The superintendent of the State Police said today he was "not happy" that Dontay Carter "slipped through our system" after he allegedly murdered an engineer from Catonsville and twice used the victim's doctored state driver's license to avoid being detained for questioning by state troopers.
"I am not happy that he slipped through our system," said Col. Elmer H. Tippett.
"I have concerns in what happened . . . that we had him. This makes us to again look at our procedures" regarding how potential suspects are questioned by officers of the agency.
One day after Vitalis V. Pilius, the engineer, was abducted from a downtown parking garage, robbed and slain, a state trooper stopped Mr. Carter for speeding and was presented with Mr. Pilius' driver's license bearing Mr. Carter's picture. However, after running a check and learning that Mr. Pilius, a 37-year-old white male, had been reported missing, the trooper allowed the 18-year-old black suspect to drive away with only a warning ticket.
It marked the second time in less than 24 hours last week that state troopers came upon Mr. Carter in possession of the older victim's license and credit cards, yet failed to detain the suspect.
"Supporting your officers is one thing," Colonel Tippett said. "Looking at what happened is another. Whether Mr. Carter jumped into their faces, we're going to take a look at that . . . Mr. Carter was a very good con artist."
An informed source in the State Police said Colonel Tippett "thought the troopers in question didn't do everything right but really did nothing wrong."
"This guy Carter conned all of them and there was a lack of follow-up on the traffic stop," the source said.
But, the source said, the incidents show that the State Police "should stop concentrating on catchy little slogans and giving out tickets and concentrate on basic police work."
"We have two administrative reviews under way," spokesman Chuck Jackson said today. "Officers will review written reports regarding both incidents."
Both reviews will be "quite objective," he said.
"She followed procedures to the fullest extent," Capt. Johnny Hughes, chief public information officer for the state force, said of Trooper Holly Fuller of the Golden Ring barracks, who failed to arrest the suspect last Wednesday. "In fact, she went overboard."
Paige Boinest, a spokesman for Gov. William Donald Schaefer, said today Mr. Schaefer has been briefed about the incidents. "He is deeply concerned," Ms. Boinest said.
About 2 p.m. Feb. 12 in the southbound lanes of Reisterstown Road near Ritters Lane, Trooper Fuller pulled over a rental car operated by a black male now believed to be Mr. Carter.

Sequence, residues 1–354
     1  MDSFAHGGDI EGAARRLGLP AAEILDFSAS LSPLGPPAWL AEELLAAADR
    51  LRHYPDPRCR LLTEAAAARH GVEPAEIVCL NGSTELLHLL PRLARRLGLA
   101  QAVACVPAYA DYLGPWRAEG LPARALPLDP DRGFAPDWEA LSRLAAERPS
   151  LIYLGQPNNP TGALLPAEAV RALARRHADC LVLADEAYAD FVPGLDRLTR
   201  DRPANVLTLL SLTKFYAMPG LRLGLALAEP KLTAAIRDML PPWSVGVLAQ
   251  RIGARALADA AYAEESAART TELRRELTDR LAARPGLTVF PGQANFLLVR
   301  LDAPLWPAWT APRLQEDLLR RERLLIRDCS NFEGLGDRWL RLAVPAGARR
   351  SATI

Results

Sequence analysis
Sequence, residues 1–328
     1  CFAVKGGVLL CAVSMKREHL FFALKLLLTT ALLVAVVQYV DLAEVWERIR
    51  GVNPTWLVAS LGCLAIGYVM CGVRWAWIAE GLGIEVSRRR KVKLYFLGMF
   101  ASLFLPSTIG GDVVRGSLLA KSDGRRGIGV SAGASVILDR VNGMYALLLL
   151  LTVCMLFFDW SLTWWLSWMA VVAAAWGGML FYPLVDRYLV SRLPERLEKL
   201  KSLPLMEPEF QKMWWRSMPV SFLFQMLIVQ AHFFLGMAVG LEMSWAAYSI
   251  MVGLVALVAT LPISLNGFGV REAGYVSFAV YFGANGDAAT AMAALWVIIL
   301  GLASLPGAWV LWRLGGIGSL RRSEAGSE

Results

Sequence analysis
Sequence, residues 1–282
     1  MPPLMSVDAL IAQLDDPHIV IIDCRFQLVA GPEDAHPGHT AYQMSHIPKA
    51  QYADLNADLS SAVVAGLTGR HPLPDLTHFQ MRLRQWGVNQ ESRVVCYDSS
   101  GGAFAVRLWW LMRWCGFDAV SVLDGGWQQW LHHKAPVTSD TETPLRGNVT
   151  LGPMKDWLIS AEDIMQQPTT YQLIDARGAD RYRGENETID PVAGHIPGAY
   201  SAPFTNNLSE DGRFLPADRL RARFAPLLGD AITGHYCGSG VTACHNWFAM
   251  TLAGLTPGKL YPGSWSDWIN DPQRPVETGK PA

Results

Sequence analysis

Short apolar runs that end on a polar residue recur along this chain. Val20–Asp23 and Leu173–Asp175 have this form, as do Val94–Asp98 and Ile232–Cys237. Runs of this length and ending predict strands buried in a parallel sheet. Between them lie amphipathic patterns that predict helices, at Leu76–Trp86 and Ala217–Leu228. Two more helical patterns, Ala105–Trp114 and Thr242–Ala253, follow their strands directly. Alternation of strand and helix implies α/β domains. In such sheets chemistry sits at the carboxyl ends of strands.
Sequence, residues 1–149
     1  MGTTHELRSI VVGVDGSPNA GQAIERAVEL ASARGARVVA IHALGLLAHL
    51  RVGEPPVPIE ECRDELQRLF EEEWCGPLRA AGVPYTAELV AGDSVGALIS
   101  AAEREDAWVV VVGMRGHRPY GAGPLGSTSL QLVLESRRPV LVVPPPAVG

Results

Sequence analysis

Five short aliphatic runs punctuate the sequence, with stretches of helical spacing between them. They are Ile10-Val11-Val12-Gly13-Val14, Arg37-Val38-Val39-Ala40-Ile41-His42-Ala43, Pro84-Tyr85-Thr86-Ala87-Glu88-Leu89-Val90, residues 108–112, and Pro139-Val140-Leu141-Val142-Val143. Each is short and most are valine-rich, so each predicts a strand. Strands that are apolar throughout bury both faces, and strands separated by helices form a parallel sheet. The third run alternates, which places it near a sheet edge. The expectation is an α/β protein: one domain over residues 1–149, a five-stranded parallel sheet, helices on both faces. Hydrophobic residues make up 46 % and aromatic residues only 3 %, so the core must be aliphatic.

Mr. Carter is charged in the murder of Mr. Pilius and with the abduction and robbery of two other men.
In the car with Mr. Carter were three other men.
The trooper had clocked the car as traveling at 60 mph in a 45 mph zone.
She approached the car and asked for license and registration, Captain Hughes said.
The driver of the car handed over a license that contained Mr. Carter's picture, but it contained Mr. Pilius' name, date of birth and physical description. Police believe the suspect obtained such a license at the Mondawmin branch of the Motor Vehicle Administration by burning the picture off Mr. Pilius' original license and requesting a replacement copy.
Captain Hughes said the trooper also obtained identification from the other three men in the car, then called for a motor vehicle check on Mr. Pilius and records checks on all the occupants.
Informed that Mr. Pilius was a 37-year-old white male, the trooper asked Mr. Carter if he knew that the MVA had him listed as white, police said. Mr. Carter said he had no knowledge of this but that he would correct the problem.
Later during the 30-minute-long traffic check, the trooper was informed that Mr. Pilius had been listed by the Baltimore County Police Department's Woodlawn Precinct as an involuntary missing person. When the trooper asked Mr. Carter about this, the suspect replied that his wife often reported him missing when he didn't come home for a couple of days, Captain Hughes said.
At that point, the trooper spoke with Sgt. Lloyd Russell, the duty sergeant at her barracks, who tried to call the Baltimore County department's central records division, to no avail. The sergeant then called the Woodlawn barracks.
Captain Hughes said a lengthy conversation then ensued by radio between the trooper and her sergeant, who talked with an officer at the Woodlawn precinct station. The officer at Woodlawn confirmed that Mr. Pilius had been reported missing by his wife.
Asked by the duty sergeant whether Mr. Pilius was white or black, the Woodlawn officer responded that he was white. The sergeant replied that his trooper had stopped a black motorist, and the Woodlawn officer explained that the missing-person's report was for a white male, officials said.